[Originally posted on Joystick Division]
With Mass Effect 3 just a few months away and Dragon Age 3 officially announced, not is as good a time as any to talk about Bioware. The company has long been lauded as one of the few developers that have put an emphasis on storytelling. Even their games that have featured largely unimpressive gameplay have been remembered as classics just because of how well the story was told. But with Bioware’s latest two series they’ve found a very unique way of telling a story with the mechanics through each property’s protagonists. Shepard and the warden are both vehicles for the player to act in a separate world and individual characters in their own right.
There are a number of ways RPGs can tell a story but for convenience’s sake, we’ll polarize them in a graduating scale with Elder Scrolls or Fallout style characters on one end and Final Fantasy and Dragon Quest on the other. Bethesda’s RPGs feature a faceless set of eyes airdropped into a strange new world; in this world the player is free to wander and change the landscape and politics however they wish. The player and the protagonist are one, they share the same motivations and are driven by the same interests, they have the same knowledge and they are guided by the same morals. Opposite are the Square-Enix heroes that are fully written in a strict narrative. The player and the characters are separate entities experiencing a plot from very different perspective. No matter how convincing the cosplay, there is only one Cecil, and he is not the same person as the player that guides him.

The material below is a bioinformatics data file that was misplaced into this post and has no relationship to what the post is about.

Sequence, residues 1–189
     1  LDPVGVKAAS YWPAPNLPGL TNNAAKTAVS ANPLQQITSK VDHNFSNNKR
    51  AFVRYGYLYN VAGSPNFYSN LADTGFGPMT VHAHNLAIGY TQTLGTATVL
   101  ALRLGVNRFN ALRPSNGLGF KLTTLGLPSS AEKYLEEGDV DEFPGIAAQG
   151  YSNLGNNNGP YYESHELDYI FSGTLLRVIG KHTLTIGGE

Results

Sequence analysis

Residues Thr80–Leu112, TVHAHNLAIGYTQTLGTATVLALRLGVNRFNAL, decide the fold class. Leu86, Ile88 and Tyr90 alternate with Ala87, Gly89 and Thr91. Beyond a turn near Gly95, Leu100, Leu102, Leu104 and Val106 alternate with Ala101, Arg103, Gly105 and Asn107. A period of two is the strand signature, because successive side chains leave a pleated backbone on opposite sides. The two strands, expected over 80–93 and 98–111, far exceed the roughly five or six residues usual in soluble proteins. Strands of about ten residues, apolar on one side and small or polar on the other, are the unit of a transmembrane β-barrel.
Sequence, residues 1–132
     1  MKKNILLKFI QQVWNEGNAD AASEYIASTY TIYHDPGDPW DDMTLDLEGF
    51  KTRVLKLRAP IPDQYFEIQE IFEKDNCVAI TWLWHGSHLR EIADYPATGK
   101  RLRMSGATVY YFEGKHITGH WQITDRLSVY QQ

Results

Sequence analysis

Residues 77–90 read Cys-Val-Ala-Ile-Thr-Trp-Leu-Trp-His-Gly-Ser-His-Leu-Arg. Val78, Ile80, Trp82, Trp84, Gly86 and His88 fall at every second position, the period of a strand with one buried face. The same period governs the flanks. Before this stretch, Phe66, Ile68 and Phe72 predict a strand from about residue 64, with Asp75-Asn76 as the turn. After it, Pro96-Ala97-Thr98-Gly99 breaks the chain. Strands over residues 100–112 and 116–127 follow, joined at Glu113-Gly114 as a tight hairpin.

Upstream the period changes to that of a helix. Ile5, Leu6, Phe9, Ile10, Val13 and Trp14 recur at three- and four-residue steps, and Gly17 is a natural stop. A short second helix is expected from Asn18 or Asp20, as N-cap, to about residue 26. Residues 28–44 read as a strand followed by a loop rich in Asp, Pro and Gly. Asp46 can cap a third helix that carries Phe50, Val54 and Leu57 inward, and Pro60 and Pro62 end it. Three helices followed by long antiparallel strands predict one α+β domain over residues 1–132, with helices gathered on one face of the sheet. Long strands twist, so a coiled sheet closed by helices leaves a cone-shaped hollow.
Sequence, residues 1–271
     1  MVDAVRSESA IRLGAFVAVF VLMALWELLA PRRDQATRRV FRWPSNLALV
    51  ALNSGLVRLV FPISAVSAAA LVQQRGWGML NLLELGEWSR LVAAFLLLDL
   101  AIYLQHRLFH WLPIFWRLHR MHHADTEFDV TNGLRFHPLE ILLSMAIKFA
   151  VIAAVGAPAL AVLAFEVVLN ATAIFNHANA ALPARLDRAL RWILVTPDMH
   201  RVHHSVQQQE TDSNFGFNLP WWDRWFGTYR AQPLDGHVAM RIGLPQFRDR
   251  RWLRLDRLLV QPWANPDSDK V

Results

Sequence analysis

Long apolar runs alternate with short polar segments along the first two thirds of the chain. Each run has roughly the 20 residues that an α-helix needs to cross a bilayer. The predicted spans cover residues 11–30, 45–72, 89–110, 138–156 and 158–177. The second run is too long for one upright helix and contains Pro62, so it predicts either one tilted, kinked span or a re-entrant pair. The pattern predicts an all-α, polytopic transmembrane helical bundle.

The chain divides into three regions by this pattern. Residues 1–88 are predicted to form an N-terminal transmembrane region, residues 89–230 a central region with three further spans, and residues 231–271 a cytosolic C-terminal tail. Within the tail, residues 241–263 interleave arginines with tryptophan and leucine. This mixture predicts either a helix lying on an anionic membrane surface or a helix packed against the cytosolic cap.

One is not better than the other (even if the latter is decidedly out of vogue in contemporary design philosophy) and in the hands of a good developer, either extreme can make for a damn fine game. What Dragon Age and especially Mass Effect do with this is find a magical sweet spot in between that differentiate Biowares properties. Shepard starts out as a name in a file, if the player chooses her to be a man from Earth that made his name as a war hero, so it will be. The player decides he will be polite to her crew and will develop a flirtatious relationship with Sgt. Ashley Williams. But over the course of the games, Shepard becomes his own person. The player sparks an initial reaction in his conscience, but he speaks for himself and everybody around him holds him completely responsible for what he says and does. Even the warden, who doesn’t vocalize herself, there is a necessary development of a distinct personality.
Perhaps an anecdote may be useful here. During my first playthrough of Dragon Age, as the noble human warrior, Virginia Cousland, I aimed to get one of the romance achievements. Alistair was too soft-willed for Virgina, who was not above brutality but Zeveran was too libertine for one who valued order and propriety. When Leliana began flirting with my character to my complete surprise, I was caught so off guard that I rejected her outright. Later reflections had me realize that Leliana’s violent history and redemption made her a foil of Virginia. It made perfect sense for the two to be together. However, Virginia missed her only chance to find love with the reformed bard. The men of the game did not suit her and by the time that she realized she was falling for another woman, the subject of her affection had accepted rejection and moved on.